In With the New, Out With the Hooch

An inmate at the Denver County Jail wants something to drink to celebrate New Year's Eve, and he wants something with a little more punch than Kool-Aid.

First he swipes a plastic trash bag while he's on cleanup duty by folding the bag flat and slipping it into the heel of his shoe. Then, at breakfast, he palms an orange, maybe an apple, too. Still acting on the sly, he fingers a few packets of sugar from the coffee station and slides them into his waistband. When he returns to his cell, he tosses it all, along with some water, into the trash bag, which he has cleverly pinned beneath his bunk. At dinner he pockets a roll and adds it to the bag; the yeast from the bread will encourage fermentation.

The result? A fiery batch of moonshine, or "hooch," as it's called on the inside.

If it had been summer, the mephitic firewater would have been ready to drink in a few days; if it had been a normal winter, it would have taken about a week. But since it was Y2K, it didn't happen at all.

In anticipation of millennial celebrations, Denver County Jail officials clamped down on the in-house hooch industry. Beginning on December 24, whole fruits such as apples, oranges and bananas were banned from the commissary and replaced with four ounces of mashed fruit cocktail. It's a little more expensive, says division chief Fred Oliva, but it's an annual price increase he's willing to pay -- especially if it keeps his jailhouse dry. "It's hard to carry fruit cocktail back to your cell," he says of would-be brewmeisters, "and they only have one pocket, anyway."

In the final week of 1999, DCJ guards shook down cells and managed to confiscate twenty gallons of hooch, most of which was still fermenting in trash bags. Some of the transparent or rose-colored alcohol was found, ready for holiday consumption, in quart-sized plastic Tang containers. According to what Oliva has heard, when made properly, jailhouse hooch has the alcohol content of crude mouthwash and the throat-shredding flavor of nail polish. "I've never tasted it, only smelled it," says the chief. "I don't want to go blind."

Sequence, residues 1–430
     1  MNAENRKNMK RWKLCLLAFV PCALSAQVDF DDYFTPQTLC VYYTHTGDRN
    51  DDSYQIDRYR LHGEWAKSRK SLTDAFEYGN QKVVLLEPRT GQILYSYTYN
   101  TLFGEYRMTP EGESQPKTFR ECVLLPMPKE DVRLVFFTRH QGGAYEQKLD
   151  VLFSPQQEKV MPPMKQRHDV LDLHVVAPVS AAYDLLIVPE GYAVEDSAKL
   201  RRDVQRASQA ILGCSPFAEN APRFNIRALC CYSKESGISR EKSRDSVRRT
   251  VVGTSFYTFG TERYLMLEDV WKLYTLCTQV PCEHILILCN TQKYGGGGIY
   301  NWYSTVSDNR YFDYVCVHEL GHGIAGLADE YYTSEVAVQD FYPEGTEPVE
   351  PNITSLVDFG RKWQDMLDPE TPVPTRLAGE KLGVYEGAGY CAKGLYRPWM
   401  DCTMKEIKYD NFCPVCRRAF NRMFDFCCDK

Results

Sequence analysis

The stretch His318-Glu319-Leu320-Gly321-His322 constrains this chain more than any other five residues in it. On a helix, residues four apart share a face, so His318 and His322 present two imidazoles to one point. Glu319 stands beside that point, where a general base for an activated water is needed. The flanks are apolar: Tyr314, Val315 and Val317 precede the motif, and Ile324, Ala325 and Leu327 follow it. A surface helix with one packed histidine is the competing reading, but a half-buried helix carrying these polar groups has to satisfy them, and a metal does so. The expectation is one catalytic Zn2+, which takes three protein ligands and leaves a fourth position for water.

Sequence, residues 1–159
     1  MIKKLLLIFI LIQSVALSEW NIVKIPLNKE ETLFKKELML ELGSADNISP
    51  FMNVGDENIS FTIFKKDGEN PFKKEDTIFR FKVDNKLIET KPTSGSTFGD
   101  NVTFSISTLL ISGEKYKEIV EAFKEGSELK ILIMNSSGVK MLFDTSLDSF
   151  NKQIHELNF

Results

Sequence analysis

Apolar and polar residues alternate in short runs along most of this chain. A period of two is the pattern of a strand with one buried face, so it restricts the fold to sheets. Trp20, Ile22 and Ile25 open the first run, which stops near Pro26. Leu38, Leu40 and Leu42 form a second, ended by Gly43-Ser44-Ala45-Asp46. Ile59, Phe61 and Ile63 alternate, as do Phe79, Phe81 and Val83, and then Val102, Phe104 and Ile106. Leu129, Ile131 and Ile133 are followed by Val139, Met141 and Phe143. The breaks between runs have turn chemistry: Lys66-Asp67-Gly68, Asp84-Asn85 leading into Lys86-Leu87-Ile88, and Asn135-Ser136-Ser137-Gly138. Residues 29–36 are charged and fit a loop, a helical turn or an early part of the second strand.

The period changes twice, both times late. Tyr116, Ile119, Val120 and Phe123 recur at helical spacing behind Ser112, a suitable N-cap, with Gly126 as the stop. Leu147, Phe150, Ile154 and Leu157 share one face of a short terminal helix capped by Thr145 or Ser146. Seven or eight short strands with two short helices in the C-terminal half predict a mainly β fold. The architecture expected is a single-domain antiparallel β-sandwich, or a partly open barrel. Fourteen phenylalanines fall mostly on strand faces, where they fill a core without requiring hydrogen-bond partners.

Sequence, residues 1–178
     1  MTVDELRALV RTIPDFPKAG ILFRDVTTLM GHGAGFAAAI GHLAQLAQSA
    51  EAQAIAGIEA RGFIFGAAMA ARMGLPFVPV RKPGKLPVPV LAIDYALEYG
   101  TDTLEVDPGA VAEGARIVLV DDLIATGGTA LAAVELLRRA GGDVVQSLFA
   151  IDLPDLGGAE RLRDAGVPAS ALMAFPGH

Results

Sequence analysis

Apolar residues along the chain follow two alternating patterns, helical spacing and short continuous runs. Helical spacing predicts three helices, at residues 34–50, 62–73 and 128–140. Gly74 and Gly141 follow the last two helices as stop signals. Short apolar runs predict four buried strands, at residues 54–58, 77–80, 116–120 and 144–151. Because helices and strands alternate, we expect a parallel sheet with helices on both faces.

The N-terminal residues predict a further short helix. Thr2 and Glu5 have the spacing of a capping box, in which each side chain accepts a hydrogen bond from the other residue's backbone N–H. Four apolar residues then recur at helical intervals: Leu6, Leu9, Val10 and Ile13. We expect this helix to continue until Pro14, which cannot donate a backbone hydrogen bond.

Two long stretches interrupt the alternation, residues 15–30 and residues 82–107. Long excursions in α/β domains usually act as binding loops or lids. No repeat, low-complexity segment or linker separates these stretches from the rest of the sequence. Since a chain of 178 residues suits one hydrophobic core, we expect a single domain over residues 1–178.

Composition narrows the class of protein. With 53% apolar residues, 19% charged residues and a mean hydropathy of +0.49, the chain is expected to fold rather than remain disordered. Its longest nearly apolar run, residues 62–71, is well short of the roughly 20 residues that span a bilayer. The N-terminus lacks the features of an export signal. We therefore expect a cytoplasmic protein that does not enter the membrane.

A little hooch (also known as "pruno" and "raisin jack," for other possible ingredients) can go a long way, however -- and it can cause big problems, Oliva reminds. "Our main concern was that somebody may get a little rambunctious," he says. "That's why we searched for the booze. Alcohol tends to give a person courage."

So true: In 1996, two inmates in the Morgan County Jail in Martinsville, Indiana, traded punches after debating the rightful ownership of a batch of hooch. When prison guards tried to stop the fight, other inmates jumped in and caused an all-out brawl. Four guards were seriously injured, resulting in a new jailhouse policy; now, when a Morgan County guard enters a cell block to stop a fight, he must encase himself in full riot gear.

And in September 1998, at least twelve inmates at the Cascade County Jail in Great Falls, Montana, capped an evening of hooch-guzzling by thrashing their cell block. The inmates broke windows, vandalized cells and started fires. Jail officials tallied the damage at $8,000.

Yet even though fewer inmates spend their nights in Denver's jail during the holiday season (there were 1,778 on New Year's Eve, down about 200 inmates), hooch production goes up, and guards have to keep an extra eye out for amateur brewers, just as they do during other special events.

On Super Bowl Sunday in January 1998, inmates in Baron County, Wisconsin, hoped to watch their Green Bay Packers wrassle with the Denver Broncos on TV. When the request was denied, furious inmates tore apart their cell blocks, ripping down shower curtains and pulling out phone cords. During the cleanup, guards found a bucket stuffed with fruit that was soaking in a sugar-water solution. The incarcerated "chemist" had been given the bucket to soak his infected feet nightly, per doctor's orders. He later confessed that the hooch was for the game.

Aside from temporarily restricting whole fruit, other jurisdictions have taken prompt action to skunk out the sauce. In 1999, all jails in Santa Clara County, California, banned cigarettes, coffee and sugar, the critical hooch ingredient. In Boscawen, New Hampshire, jail officials also banned sugar last June after discovering a batch of hooch.

But Oliva says the DCJ has no plans to remove sugar from the jail. "Everybody loves to have sugar in their coffee in the morning," he says. "I know I do." Whole fruits were returned to the commissary on January 3.

Overall, the Big Evening in the Big House was calm and subdued. But just in case, there were 39 extra armed guards and two horsemen circling the perimeter. Jail officials feared that computerized booking programs might fail and that power outages could lead to trouble. Along with most Y2K fears, however, theirs went unfounded.

Instead, inmates were treated to a special dinner of baked chicken and mashed potatoes, then returned, sober, to their cells for a viewing of the coming-of-age flick American Pie.

With no clocks in their cells and without the benefit of watches, inmates had to guestimate the precise moment the new year arrived. Oliva says bar-rattling and shouting began about five minutes before midnight and lasted for about twenty minutes. There was no countdown, and only a few lonely streams of toilet paper flew through the air.

"Just because an individual is in jail," Oliva says, "doesn't mean he's forgotten what the holidays are like."

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Justin Berton

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